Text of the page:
As I write this, a goose is squawking outside my window, having found its way to the gardens of the main sleeping quarters all the way from across the lake on the other side of the cove where, in a little forest area, the rest of the flock were gathered. He's feeding on some rice but every now and then looks up to squawk and protest or fret about something.
Am feeling much better after a traditional 'kolah' shower, washing away the dirt and grime and sweat of a whole day of boat rides, visits to dams and power stations, briefings and festive welcomes at local villages along the river.
My camera batteries are all spent and am waiting impatiently for them to recharge so I can snap photos of this lovely, quaint house on the lake with its menagerie of barnyard animals making a ruckus at dusk.
The boat ride here took about 10 minutes and we sped by wonderful reflections of the foliage mirrored on a steely, glassy lake... the air was fresh and balmy and it was utterly calm. We passed by noone but a few fishermen.
Our gracious host was waiting by the little jetty to his private retreat, one of several which he owns around the world. He found this little gem 12 years ago and proceeded to expand the original few acres to the 10 acres it is currently. The last plot that he bought was from a prison warden living in KL.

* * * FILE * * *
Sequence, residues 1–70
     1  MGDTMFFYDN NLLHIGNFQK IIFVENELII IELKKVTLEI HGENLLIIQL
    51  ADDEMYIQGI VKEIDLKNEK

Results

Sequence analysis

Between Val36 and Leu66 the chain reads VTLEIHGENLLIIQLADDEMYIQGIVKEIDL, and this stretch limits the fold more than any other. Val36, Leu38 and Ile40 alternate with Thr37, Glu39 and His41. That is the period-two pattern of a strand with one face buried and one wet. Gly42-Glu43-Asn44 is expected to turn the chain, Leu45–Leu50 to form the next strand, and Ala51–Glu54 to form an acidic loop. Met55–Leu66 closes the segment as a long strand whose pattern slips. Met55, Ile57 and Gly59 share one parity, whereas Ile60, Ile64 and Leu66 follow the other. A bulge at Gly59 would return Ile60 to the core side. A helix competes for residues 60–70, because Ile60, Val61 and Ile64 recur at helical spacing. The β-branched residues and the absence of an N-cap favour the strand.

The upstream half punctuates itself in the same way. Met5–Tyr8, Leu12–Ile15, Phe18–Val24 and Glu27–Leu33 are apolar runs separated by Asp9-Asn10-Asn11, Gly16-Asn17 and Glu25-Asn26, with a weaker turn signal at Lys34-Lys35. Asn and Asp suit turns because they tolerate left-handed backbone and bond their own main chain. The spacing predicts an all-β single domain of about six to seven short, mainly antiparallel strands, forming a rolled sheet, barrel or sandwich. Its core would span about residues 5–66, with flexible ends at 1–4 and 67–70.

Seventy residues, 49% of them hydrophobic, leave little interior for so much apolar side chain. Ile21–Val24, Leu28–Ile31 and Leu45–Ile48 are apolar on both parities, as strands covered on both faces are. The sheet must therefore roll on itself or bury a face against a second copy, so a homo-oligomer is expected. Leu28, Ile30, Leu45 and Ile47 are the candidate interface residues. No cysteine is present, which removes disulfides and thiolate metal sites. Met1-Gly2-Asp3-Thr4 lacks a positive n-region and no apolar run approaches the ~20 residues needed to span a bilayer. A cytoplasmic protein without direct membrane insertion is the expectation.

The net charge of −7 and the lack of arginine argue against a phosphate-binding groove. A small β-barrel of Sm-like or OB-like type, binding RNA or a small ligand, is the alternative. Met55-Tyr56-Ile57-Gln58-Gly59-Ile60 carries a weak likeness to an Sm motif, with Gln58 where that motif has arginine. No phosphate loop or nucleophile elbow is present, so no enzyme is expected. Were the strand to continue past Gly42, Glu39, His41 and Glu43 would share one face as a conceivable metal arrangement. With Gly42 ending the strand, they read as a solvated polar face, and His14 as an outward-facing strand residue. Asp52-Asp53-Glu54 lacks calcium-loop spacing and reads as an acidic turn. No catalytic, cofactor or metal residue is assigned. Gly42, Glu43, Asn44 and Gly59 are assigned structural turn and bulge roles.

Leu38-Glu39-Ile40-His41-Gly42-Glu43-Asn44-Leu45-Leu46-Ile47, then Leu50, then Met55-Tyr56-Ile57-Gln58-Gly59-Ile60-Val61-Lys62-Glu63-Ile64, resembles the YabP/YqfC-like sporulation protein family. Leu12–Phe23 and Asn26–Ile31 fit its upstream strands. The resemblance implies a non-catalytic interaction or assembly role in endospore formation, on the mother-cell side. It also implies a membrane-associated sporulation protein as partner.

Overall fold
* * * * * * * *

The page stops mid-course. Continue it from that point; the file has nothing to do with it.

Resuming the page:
It was a surprise to note that this tall, slim, unassuming gentleman was the Tan Sri, with a host of notable assignments behind him including ambassador and envoy to prominent international organisations. He welcomed everyone on our boat so warmly, you could tell immediately how down-to-earth and genuine he really is. It was great fortune to meet him. Unfortunately he could only stay with us a couple of hours since he had to rush off to Penang for a convocation that night itself, it would've been really interesting to discuss a few of his roles in the international arena.
That goose is still squawking... and the others have joined in too.